the hopefulness of mistletoe



One of my favourite books to read at this time of year is What to Look for in Winter written by the poetic and mysterious E.L. Grant Watson. I love this series of Ladybird books and for me each change of season is marked by their beautiful words and C. F. Tunnicliffe's evocative illustrations.

Last weekend I spent a few days with friends in the thin winter light and quiet landscape of North Somerset. Everywhere you looked, the tall skeletal trees were laden with bright green orbs of mistletoe, hanging in the damp still air. Apparently it is a very good year for mistletoe, although I am not sure why. I don't know if anyone has identified exactly how it appears, but in 1959 E.L. Grant Watson wrote "How mistletoe grows on trees nobody knows for sure. Poplars and apple trees are the most likely hosts for this half-parasitic plant. If you can find out how mistletoe germinates, you will be a discoverer of one of Nature's secrets".

Like Grant Watson himself, a beautiful mystery. If anyone knows anything about him other than the thin sprinkling of information on the web I would love to know. But if you know how mistletoe germinates, don't tell me. I like living with the enigma, and think of Rainer Maria Rilke, who wrote "Have patience with everything unresolved in your heart and try to love the questions themselves". This is a thought I carry with me daily. There are many unanswered questions in life these days. But it is still beautiful.



17 comments:

Marigold Jam said...

Lovely post and I think sometimes it is good not to know the answers to all the questions that surround us.

Sarah Halliday said...

How true! and lovely x

Karen L R said...

I have ben looking for mistletoe all over the place here in Vermont (USA). No one seems to have it. I would so love to grow it, but it is too cold here. Love the pics here. Happy Christmas!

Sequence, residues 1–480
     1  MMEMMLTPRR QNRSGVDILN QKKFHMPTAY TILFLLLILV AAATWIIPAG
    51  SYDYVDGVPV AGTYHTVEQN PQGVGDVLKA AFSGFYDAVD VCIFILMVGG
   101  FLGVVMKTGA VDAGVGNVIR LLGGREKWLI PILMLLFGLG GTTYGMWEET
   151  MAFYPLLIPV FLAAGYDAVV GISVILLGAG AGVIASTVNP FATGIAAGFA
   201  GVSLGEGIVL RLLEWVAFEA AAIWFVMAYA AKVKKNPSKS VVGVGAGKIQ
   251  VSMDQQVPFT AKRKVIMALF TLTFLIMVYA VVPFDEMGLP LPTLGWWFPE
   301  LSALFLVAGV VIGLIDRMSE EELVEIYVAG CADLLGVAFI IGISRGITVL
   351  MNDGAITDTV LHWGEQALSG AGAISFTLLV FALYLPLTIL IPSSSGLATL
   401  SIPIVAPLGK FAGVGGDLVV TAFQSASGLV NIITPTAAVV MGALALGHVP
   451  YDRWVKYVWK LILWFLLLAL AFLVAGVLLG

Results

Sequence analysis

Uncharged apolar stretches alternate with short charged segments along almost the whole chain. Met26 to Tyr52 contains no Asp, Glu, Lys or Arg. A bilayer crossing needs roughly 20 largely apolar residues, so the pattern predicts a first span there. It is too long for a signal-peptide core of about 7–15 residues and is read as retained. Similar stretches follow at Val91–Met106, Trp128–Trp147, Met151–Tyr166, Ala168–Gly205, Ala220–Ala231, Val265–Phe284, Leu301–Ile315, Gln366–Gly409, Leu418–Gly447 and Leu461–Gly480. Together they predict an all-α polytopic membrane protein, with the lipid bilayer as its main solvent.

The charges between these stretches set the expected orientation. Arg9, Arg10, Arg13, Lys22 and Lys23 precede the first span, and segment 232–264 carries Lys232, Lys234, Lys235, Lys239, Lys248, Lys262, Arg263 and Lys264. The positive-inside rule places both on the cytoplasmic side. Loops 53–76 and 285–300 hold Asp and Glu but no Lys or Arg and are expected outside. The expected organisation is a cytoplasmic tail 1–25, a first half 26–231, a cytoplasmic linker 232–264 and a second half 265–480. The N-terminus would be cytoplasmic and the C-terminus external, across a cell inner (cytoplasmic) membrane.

Frances said...

Sue, it's a treat to see this post from you, particularly since you offer lots of mistletoe info and a lovely photo, too. Just yesterday I visited my favorite farmers market downtown in Union Square, and found that one farmer (from whom I currently buy broccoli and rosemary) had mistletoe on offer. Yet, this mistletoe did not have any of those distinctive white globes. I should have investigated this, but the queue waiting behind me was long. I'll ask next week...after the Christmas rush.

It is always such a treat to see a post from you. Wishing you and yours a Happy Christmas and great days in the New Year.

Still hoping that on some future day, here or there, we might again have the opportunity to meet and talk of many things. xo

Sue said...

And I often think of all the mistletoe I saw when I came to see you in Munich too: http://mousenotebook.blogspot.co.uk/2009/11/impressions-of-munich.html xxx

Sue said...

Thank you Jane. I think you are right.

Sue said...

Happy Christmas to you too Karen! X

Sue said...

Hello and thank you, dear Frances. I like to imagine you going about your days in lovely NYC. I still remember you taking me into the bank to get a roll of quarters for the bus :-) xx

alice c said...

"...try to love the questions themselves"

A phrase to carry in my heart - thank you! I wish you a peaceful Christmas and light and warmth in unexpected places in the New Year.

Toffeeapple said...

You should probably never listen to Gardener's Question Time then, it frequently comes up at this time of year.

Sue said...

Lovely Alice, how splendid to hear from you. 'Light and warmth in unexpected places'... I will treasure that. X

Sue said...

Ha! I never do so that's ok :-)

Celia Hart said...

Oh those books are gems! I recently found my childhood copies and was amazed I remembered every illustration! I think they inspired my dream to be an artist.

I've tried to grow mistletoe but after germinating the tiny green shoot fails to develop further. But I know a fruit farmer who has grown Mistletoe on many of his apple trees and harvests it as a winter crop. He obviously knows the secret to success!

Sue said...

The illustrations are exquisite aren't they Celia. I have eight of my favourites framed in my kitchen and I think they give me more pleasure than almost any other of my pictures. Merry Christmas to you x

Acornmoon said...

I share your love of Tunnicliffe, how lovely would it be to stumble upon a good copy of that book. I found some old I Spy Books recently, also part of our childhood.

I hope you have a Blessed Christmas and an inspirational New Year. xxx

Sue said...

Have a lovely Christmas too Val. Laugh lots and be happy xx

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